Amrika Ramjewan shares lessons on healthcare at US-based Mayo Clinic

Amrika Ramjewan, originally from Sangre Grande and now a senior health systems engineer at the Mayo Clinic in the US. Photo courtesy Amrika Ramjewan
Amrika Ramjewan, originally from Sangre Grande and now a senior health systems engineer at the Mayo Clinic in the US. Photo courtesy Amrika Ramjewan

Amrika Ramjewan is brisk and to the point. For the senior health systems engineer and instructor of healthcare systems engineering at the Mayo Clinic, the top ranked hospital in the United States, that’s the only way to keep on track, as she extracts meaning from data to tackle some of healthcare’s most pressing problems. The lives of more than a million of the hospital’s patients a year are at stake, not to mention the millions more indirectly influenced by the clinic’s research and practices.

Tell us about your early interest in healthcare.

I’m originally from Sangre Grande. I grew up in a rural area. I went to school in St Joseph’s Convent in St Joseph.

My grandmother had diabetes when I was growing up. I grew up seeing her take a whole bunch of medications; I remember as a child helping her sort through all her medication. She actually passed away very early in life. From that time, I was always interested in preventative care.

From the beginning, growing up in TT, you learn to live in an environment where you have to do things with limited resources. Being here in the US where we have so much resources, it was interesting to hear everyone still facing a huge amount of problems.

In TT we don’t talk about wellness or health maintenance.

I was very athletic when I was growing up. I played tennis and I play cricket. Even now I’m passionate about sport.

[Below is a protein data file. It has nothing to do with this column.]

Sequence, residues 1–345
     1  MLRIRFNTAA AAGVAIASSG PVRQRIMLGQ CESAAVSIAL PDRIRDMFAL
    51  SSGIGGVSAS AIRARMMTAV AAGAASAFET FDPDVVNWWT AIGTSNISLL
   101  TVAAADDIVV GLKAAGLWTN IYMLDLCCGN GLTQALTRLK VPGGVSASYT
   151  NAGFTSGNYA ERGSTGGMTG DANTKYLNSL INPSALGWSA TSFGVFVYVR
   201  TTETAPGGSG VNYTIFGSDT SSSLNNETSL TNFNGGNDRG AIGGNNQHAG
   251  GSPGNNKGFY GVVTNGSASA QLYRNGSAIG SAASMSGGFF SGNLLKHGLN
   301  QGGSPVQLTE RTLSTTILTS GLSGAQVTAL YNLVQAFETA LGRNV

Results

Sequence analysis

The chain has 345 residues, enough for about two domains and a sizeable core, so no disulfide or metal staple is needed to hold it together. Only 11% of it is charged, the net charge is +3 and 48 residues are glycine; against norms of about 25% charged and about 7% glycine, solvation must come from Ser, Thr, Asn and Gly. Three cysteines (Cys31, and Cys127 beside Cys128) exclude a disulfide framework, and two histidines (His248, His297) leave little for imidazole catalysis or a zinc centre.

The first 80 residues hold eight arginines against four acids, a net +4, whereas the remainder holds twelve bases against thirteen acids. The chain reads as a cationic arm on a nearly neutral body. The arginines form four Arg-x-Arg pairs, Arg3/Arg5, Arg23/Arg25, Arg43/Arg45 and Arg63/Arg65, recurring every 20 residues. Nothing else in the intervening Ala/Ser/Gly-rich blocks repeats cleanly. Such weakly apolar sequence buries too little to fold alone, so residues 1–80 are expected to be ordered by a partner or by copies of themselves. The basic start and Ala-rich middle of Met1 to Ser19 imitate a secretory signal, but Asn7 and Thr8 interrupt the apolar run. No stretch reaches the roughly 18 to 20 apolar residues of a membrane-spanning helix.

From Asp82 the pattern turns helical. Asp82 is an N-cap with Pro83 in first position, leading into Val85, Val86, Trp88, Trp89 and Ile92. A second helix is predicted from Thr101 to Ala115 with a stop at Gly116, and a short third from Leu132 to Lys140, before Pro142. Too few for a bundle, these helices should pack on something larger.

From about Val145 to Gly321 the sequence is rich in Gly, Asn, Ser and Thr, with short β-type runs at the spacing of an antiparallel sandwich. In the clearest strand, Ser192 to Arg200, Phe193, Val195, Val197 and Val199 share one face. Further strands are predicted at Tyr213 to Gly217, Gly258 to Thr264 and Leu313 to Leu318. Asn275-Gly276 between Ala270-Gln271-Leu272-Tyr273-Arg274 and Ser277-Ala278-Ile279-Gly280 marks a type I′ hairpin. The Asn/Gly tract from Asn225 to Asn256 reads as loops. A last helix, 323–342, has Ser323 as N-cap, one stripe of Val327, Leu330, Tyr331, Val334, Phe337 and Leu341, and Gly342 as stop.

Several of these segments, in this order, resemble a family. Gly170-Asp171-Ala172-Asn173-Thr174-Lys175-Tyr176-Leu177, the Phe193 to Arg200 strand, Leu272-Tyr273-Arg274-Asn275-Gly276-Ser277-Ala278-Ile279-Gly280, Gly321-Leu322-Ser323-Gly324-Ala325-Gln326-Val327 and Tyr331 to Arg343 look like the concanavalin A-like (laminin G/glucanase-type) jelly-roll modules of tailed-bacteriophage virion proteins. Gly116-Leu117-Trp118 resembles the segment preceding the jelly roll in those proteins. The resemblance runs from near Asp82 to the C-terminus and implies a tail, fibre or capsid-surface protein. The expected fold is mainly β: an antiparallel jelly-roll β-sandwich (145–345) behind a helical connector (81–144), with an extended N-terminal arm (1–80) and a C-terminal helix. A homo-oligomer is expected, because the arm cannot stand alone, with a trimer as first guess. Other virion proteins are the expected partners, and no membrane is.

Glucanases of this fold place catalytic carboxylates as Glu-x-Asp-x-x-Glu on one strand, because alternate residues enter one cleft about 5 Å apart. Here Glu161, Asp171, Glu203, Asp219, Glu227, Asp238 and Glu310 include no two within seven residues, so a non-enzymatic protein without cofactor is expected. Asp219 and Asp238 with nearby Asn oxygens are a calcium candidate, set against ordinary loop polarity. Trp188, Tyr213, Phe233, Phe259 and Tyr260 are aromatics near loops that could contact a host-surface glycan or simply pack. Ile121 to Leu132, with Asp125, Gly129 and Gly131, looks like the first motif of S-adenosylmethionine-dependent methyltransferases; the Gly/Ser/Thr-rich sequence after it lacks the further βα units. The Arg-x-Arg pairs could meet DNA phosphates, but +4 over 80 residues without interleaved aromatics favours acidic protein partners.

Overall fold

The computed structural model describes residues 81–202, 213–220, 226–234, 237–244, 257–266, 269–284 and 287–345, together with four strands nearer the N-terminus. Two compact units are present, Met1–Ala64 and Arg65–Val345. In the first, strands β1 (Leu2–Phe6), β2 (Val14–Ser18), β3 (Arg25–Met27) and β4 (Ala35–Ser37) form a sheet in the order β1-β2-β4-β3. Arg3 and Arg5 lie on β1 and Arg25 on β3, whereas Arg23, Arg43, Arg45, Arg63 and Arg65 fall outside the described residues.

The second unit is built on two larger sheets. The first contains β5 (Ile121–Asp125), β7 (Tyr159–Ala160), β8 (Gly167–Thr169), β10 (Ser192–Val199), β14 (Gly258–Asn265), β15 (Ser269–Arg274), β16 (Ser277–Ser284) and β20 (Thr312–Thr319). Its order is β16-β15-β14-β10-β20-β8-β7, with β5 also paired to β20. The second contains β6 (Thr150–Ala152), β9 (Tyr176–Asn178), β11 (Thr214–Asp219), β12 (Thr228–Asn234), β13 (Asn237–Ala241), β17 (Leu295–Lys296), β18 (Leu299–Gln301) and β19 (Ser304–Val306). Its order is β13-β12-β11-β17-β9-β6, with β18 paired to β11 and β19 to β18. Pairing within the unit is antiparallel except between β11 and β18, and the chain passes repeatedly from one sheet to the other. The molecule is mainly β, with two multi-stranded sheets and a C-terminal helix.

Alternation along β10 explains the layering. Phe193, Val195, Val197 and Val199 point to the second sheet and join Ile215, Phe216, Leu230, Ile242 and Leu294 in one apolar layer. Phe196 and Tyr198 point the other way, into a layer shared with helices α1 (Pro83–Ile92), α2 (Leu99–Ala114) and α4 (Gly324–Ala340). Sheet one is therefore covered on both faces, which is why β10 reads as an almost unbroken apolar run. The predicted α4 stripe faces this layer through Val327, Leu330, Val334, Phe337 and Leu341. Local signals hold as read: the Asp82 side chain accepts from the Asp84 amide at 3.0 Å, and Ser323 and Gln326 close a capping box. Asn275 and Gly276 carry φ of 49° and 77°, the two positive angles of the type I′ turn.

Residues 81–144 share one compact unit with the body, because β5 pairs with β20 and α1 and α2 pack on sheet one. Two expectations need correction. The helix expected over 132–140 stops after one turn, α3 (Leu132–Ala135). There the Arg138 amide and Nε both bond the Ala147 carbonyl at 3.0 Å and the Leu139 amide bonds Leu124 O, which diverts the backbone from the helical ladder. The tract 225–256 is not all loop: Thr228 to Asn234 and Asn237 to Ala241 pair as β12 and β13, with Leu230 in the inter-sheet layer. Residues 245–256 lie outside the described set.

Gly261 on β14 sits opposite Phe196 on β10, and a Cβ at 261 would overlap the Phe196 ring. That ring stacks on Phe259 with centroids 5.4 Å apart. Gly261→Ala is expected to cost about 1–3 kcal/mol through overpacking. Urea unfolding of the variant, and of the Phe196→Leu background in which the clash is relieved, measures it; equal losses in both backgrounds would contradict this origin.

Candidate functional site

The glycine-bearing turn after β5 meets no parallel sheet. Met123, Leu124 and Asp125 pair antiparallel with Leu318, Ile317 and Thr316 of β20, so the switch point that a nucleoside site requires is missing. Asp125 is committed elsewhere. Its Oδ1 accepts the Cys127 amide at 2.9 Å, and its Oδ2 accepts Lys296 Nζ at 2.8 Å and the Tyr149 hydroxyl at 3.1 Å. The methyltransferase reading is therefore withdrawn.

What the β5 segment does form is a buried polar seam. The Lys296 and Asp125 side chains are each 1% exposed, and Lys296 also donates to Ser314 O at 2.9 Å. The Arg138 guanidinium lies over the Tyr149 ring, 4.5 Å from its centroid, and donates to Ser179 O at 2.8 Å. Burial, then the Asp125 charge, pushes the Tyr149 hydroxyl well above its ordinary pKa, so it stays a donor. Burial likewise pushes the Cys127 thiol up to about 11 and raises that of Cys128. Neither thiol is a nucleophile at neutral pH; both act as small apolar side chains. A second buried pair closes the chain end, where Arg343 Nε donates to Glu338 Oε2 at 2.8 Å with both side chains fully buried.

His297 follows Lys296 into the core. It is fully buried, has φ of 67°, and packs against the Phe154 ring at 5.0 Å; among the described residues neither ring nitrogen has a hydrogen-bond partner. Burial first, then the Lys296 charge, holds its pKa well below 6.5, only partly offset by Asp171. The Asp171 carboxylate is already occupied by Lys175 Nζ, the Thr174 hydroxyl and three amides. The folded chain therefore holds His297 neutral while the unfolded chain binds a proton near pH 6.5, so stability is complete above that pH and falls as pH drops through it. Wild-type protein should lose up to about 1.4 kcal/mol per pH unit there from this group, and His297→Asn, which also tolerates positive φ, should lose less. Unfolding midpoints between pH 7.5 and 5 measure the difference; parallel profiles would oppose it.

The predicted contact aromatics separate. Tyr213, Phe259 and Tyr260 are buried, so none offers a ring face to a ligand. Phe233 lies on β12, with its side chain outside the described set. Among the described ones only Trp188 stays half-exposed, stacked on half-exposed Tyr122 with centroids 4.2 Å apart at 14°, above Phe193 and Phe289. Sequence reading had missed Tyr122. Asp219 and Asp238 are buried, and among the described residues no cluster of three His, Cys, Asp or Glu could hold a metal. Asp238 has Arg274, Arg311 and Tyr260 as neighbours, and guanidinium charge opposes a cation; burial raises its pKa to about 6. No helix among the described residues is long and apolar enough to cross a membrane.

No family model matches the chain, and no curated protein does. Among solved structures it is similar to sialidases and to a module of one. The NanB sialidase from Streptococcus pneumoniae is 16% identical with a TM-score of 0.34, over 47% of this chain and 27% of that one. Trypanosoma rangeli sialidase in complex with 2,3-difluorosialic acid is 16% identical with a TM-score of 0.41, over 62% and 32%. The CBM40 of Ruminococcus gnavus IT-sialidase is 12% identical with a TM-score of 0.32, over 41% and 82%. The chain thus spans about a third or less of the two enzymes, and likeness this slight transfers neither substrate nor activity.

After school, you went to the UK, to Manchester.

It was challenging, especially the cultural differences. I didn’t know many people, it was difficult making friends. Getting into a routine was tough. I think it was difficult being away from your family, being away from your parents.

I then lived in Rochester, Minnesota and they have four-to-six-month-long winters! I’ve been in the US now for four years. Prior to that I worked in Trinidad. Some of my time was spent in healthcare there.

(After completing a master's in analytics in the UK, Ramjewan returned to TT, and in 2017 joined the Mayo Clinic in the US.)

In the UK did you devote yourself more to your work?

When I went to the the UK I looked at the NHS (National Health Service). My thesis was on comparing top-down redesign of a whole health system with gradual improvements and determining which would yield better outcomes.

With design-led approaches you have an opportunity to do meaningful change. With respect to public-sector change there has to be top-level leadership driving change. They need to believe in the change.

Here at Mayo Clinic we have this really amazing culture. We have this one core value: we say the needs of the patient come first. Everyone really believes that and constantly quote it.

You don’t have that in every organisation. Our employees connect with that culture. People understand the culture. (Culture is) something that you have to shape and be deliberate about. When we’re hiring, we want people that can relate to the culture.

In TT, they often neglect how important that is.

Amrika Ramjewan became interested in preventative care after watching her grandmother cope with diabetes. Photo courtesy Amrika Ramjewan

What are some of the problems in healthcare that you’ve seen in TT?

There’s tremendous lag. (In the US) we have the infrastructure, we have the access.

In developing countries we lack the infrastructure. We need infrastructure and delivery mechanisms.

There’s also a huge communication gap between patients and doctors.

What the big problem you’re trying to solve right now?

We’re looking at launching the Mayo Clinic platform to full integrate technology into practice. We’re working on delivering hospital level care to patients at home. We co-ordinate with the team to do that. We have access now to devices enabled by internet of things, remote monitoring and sensors. This is the future of outpatient care.

Will that degree of personalised care be more expensive?

I’m working at comparing that right now!

How has covid19 affected your work?